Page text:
It was an innocent question. I don’t want to embarrass anyone about actual recent events by relating the specifics. What matters is that it was a simple inquiry that should have been readily answerable.
I didn’t get a ready answer. It turned out I’d asked a tar-baby question.
If you aren’t familiar with the term, the original tar baby had its origins in African-American folklore. It was a doll made out of tar by Br’er Fox (the bad guy) to trap Br’er rabbit (the good guy). A tar baby is anything that’s easy to grab but hard to let go of once you’ve grabbed it.
[Because it matters: “Tar baby” has been accused of being a racial slur. Given its origins and meaning it isn’t, and given the lack of evocative synonyms I’m unwilling to give it up.]
I’d sent my question to everyone who might plausibly have known the answer. Several –probably the ones who figured they were responsible for answering — sent me responses that weren’t answers. After a couple of rounds of trying to clarify my question, it became clear that while someone should have figured it out quite some time ago, nobody ever had.
My question was a tar baby — having grabbed the topic I couldn’t let it go.
Except that yes, I could.
So can you. If you find yourself holding on to a tar-baby question, there’s a simple, although unsatisfying solution: Stop.
Don’t even announce that you’re stopping. Just stop. Unlike actual tar, you can let go of your email chain any time you want to through the simple expedient of not clicking the Reply/Reply All button. You won’t experience the satisfaction of closure, but you will experience the satisfaction of not wasting any more time on a losing proposition.
There’s a variation on this theme — asking a question when you know nobody can answer it. It’s a way to suggest someone should come up with the answer without volunteering to be that person, as you would if you were to recommend it instead.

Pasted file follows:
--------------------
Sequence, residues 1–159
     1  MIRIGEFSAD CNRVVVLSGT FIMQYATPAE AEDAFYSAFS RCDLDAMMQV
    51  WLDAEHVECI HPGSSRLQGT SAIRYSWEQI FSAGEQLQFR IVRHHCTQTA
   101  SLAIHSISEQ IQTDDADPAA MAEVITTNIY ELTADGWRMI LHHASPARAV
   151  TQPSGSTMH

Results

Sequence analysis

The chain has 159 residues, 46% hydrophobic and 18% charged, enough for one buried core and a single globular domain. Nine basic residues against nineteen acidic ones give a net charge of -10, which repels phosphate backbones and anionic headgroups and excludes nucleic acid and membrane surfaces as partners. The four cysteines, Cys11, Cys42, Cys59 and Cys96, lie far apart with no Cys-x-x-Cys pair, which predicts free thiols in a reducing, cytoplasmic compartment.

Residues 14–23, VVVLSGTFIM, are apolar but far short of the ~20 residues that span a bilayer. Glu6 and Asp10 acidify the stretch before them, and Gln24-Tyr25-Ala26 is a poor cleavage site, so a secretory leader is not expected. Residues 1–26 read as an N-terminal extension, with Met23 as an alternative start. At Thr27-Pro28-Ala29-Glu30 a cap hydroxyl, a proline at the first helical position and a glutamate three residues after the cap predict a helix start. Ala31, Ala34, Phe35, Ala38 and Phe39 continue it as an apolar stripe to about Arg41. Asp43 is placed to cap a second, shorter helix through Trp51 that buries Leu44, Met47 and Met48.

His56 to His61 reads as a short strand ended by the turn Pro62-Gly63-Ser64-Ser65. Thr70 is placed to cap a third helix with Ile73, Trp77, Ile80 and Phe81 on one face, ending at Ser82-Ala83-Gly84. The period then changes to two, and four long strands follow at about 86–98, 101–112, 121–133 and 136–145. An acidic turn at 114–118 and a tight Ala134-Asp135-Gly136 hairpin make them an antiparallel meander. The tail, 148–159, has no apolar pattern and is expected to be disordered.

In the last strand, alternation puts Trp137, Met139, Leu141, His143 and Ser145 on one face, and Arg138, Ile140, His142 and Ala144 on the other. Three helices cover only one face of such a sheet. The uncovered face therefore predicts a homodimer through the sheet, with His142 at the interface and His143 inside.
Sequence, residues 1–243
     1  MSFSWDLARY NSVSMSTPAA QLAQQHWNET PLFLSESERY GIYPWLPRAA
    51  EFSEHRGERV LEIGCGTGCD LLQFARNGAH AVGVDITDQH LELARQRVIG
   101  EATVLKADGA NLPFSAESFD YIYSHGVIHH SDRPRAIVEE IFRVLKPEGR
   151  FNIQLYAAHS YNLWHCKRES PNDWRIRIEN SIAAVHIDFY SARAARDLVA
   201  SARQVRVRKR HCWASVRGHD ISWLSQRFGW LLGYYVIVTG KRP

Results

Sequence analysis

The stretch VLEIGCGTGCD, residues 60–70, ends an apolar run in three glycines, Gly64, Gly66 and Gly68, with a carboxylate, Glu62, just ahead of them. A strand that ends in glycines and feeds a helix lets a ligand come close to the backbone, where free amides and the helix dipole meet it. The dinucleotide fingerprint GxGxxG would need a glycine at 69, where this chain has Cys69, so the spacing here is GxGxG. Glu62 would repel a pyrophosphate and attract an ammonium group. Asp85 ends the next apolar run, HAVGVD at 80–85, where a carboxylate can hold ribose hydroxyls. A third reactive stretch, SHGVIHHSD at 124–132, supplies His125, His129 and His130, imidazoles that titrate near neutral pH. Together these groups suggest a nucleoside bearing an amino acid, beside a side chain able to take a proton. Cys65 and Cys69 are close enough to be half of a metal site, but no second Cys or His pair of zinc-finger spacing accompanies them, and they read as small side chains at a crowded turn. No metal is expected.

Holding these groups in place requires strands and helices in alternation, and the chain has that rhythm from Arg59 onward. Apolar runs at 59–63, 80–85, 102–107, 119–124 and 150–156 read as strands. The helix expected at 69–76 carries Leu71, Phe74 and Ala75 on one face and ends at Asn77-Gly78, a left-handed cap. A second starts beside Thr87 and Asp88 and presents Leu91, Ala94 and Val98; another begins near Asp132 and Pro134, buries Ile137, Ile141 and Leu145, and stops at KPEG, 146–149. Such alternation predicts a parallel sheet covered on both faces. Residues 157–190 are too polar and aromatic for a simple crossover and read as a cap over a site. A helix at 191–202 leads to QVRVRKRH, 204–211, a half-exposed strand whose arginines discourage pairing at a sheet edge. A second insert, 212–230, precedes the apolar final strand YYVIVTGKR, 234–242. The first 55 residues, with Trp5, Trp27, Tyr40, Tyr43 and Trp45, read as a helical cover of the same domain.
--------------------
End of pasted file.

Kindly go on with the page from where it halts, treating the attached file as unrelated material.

There’s another variation on the same theme. Call it Q&A Dissonance. It’s when you ask a question and get an answer to a different question that sounds something like your question but wasn’t your question.
Usually, Q&A Dissonance is the result of the ambiguity inherent in human communication. Try to clarify in a Reply. If that doesn’t do the job, pick up the phone, or, if possible, walk over to where the other person sits and hash it out face to face.
Email might be the most efficient communication channel when you’re measuring efficiency in terms of your time budget, but the printed word lacks many of the nuances vocalization provides; voice-to-voice is far less robust than the body language and facial expressions that accompany face-to-face conversations; and nothing beats sharing a whiteboard.
There’s a variation on the Q&A Dissonance variation that’s far less benign. Call it Opportunistic Dissonance-Driven Posturing. (Or don’t — call it anything you like. I won’t mind.)
I found myself on the receiving end of Opportunistic Dissonance-Driven Posturing quite a few years ago when one of my then-employer’s executives came to town for a meet-and-greet with a large program team I was part of.
After his opening remarks he opened things up for questions. I asked one, about our company’s growth strategies. He answered … well, no, he didn’t. He instead lectured me about my sense of entitlement, my not being willing to make sacrifices to further the company’s success, and a few other choice items, all of which were centered on his personal history and virtues as models for me to emulate. “Did that answer your question?” he finished?
Well, no, but it answered two questions that were far more important: “Do you have any interest in what those of us here on the ground think?” and “Please reveal something important about your character.” Not that I had the presence of mind and absence of good sense to say that. I believe my eloquent reply was a mumbled, “close enough.”
Which brings us to the point of this week’s missive, to the extent there is a point: Every question is more than a request for information. Questions are also useful tools for making suggestions, and opportunities to build working relationships.
Beyond that, they call attention to whoever asks them. Sometimes you want that, as when someone who hears you ask it might think, “Now that’s a perceptive question.”
Know your audience before you call attention to yourself, though. Because for everyone who appreciates the value of perceptive questions there are probably a dozen who ask … themselves … a very different question:
Who do you think you are?